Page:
SIM’s, rendering it not very useful for the project described here.
                             2.    Finding Solar-System Analogs
     There are several astrometric methods that can be used to identify “long-period” com-
panions of stars. These methods are based on the fact that the actual proper motion (µ) is
non-linear if it contains a contribution from the reflex motion of the primary being orbited by
a companion. In the “∆µ method” a substantial difference between µ values from a “short-
term” catalog such as HIPPARCOS and those from a “long-term” proper motion catalog
such as TYCHO-2 is indicative of binarity (Wielen et al. 1999, 2000). Makarov & Kaplan
(2005; hereafter referred to as MK2005) find that both the period and mass can be esti-
                                 ˙               µ
mated from the acceleration (µ) and the jerk (¨), but only if the “long-term” proper motion
is known. Kaplan & Makarov (2003) developed a method that is appropriate for objects
with periods up to twice the mission duration (i.e., up to 10 to 20 years for SIM).

    Recent work [Cumming et al. (in preparation) as previewed by Butler et al. (2006)] indicates that the
mass function declines more rapidly towards higher masses: dN/dM ∝ M −1.9 rather than dN/dM ∝ M −1.1
as derived by TT2002. As a result, the number and relative frequency of HOSAS would decrease, while their
detectability is unchanged. Because we deal with detectability, we will use the re-scaled TT2002 PDF.

                           2.1.     Past and Future Astrometry
      Here we propose a new method to identify and quantify long-period systems compris-
ing planetary, brown-dwarf (BD) and main-sequence (MS) companions. Our method uses
astrometry of earlier epochs but uses the positions rather than the proper motions. The
other component is a future, highly accurate astrometric mission such as SIM. The idea is
to fit the SIM data for a given star with a simple astrometric models [e.g., linear, quadratic,
etc.], and use this model to predict the position of the star at the HIPPARCOS epoch (τH ).
We assume that SIM data will be from 2013.5, leading to and epoch difference of 22 years.
We assume that the HIPPARCOS data are accurate to ±1 mas. However, this accuracy
can be improved upon in the future by more careful modeling of the systematic effects, or
by using the much improved GAIA reference frame to define the frame at the HIPPARCOS
epoch. The former method has been applied recently by van Leeuwen & Fantino (2005)
who reduced the HIPPARCOS errors by almost a factor of three, while the latter has been
used in the construction of the TYCHO-2 catalog (Høg et al. 2000).
                                         3.     Model Details
     We assume circular, face-on orbits and neglect all the details associated with orbit
fitting. The work of MK2005 indicates that the results will not be very sensitive to these
simplification. We also assume that the secondary is “dark,” so that the photocenter tracks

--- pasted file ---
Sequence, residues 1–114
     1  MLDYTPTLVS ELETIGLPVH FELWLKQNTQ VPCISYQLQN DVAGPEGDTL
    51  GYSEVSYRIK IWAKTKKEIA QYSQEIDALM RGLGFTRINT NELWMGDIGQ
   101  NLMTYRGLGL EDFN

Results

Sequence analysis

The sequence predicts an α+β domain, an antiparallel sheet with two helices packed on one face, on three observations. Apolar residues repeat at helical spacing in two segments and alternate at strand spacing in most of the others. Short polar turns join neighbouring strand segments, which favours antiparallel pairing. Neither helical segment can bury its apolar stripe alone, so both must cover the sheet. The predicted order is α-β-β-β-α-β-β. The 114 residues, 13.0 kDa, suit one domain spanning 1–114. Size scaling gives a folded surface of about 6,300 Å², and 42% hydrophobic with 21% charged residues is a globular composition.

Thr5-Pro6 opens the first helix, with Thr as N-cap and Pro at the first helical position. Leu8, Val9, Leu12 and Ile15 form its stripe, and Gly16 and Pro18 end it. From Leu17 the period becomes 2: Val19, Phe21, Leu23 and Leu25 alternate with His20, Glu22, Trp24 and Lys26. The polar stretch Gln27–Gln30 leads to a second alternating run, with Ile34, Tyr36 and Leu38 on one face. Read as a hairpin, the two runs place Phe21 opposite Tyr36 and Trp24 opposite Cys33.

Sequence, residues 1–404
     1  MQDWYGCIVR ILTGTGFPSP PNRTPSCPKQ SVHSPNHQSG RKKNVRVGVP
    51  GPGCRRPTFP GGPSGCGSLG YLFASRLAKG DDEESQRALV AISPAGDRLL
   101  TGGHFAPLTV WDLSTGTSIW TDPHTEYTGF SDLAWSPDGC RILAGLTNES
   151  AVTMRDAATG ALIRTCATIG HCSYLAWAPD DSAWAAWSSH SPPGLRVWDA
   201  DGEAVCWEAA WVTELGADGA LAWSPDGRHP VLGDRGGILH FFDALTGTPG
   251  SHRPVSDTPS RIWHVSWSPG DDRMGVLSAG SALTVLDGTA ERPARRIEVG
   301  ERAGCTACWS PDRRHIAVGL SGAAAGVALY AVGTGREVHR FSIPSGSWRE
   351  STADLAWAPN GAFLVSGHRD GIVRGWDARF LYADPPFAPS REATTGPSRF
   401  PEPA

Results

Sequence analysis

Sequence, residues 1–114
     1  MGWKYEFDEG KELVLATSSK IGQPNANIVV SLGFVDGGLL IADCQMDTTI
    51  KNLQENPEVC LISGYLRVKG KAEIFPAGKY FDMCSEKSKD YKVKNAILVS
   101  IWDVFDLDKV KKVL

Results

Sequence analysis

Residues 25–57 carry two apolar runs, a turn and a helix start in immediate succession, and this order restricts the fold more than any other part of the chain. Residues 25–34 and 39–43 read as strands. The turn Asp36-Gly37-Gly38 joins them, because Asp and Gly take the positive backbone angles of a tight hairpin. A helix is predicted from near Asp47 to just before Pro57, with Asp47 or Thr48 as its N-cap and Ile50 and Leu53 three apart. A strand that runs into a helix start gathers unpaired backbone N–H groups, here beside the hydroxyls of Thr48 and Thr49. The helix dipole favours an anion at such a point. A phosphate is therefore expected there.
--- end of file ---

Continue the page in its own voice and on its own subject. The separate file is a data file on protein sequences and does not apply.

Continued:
the motion of the primary. The position (z) of the photocenter of the primary is thus a
function of: 1) the position (z0 ) at time t = 0, 2) the proper motion of the barycenter (µz,B ),
3) the semi-major axis of the orbit of the primary (ao ), 4) the orbital period and phase φ,
and 5) the distance (dpc ) in pc. (We use z as shorthand for either x or y). With the period
in years, the total mass (Mtot ) in M⊙ and the mass of the companion (MC,J ) in MJ , we find:
             x(t) = xt=0 + µx,B t + Xo (t)         y(t) = yt=0 + µy,B t + Yo (t)             (1)
          Xo (t) = ao cos (2πt/P + φ)                    Yo (t) = ao sin (2πt/P + φ)                      (2)
                      0.9547       P
              ao =                              MC,J ,                 [mas]                              (3)
                        dpc       Mtot
                                                                 2                         3
          ˜                       2π                1       2π             2   1      2π
          Xo (t) = ao,cφ −                ao,sφ t −                  ao,cφ t +                 ao,sφ t3   (4)
                                  P                 2       P                  6      P
                                                                 2                         3
           ˜                      2π                  1     2π                    1   2π
           Yo (t) = ao,sφ +               ao,cφ t −                  ao,sφ t2 −                ao,cφ t3   (5)
                                  P                   2     P                     6   P
with ao,cφ ≡ ao cos (φ) and ao,sφ ≡ ao sin (φ), and where we expand the position change Zo (t)
due to the orbit to third order to arrive at eqns. (4) and (5). We identify the orbit-induced
position (zo ), the proper motion, acceleration and jerk as the coefficients of the t-terms with
                                    ˜        ˜
powers 0,1,2 and 3, respectively. X and Y are a 3rd -order, orbit-based astrometric model.
On the other hand, the observed trajectory can be fit by a polynomial up to nth order:
            zF,SIM (t) ≈ z0,F,SIM + z1,F,SIM t + z2,F,SIM t2 + z3,F,SIM t3 + O(t4 ) ,      (6)

where the subscript “F, SIM” indicates that the fit is performed to the SIM data only. zF,SIM
can be evaluated at any previous epoch and compared with the the observed position at that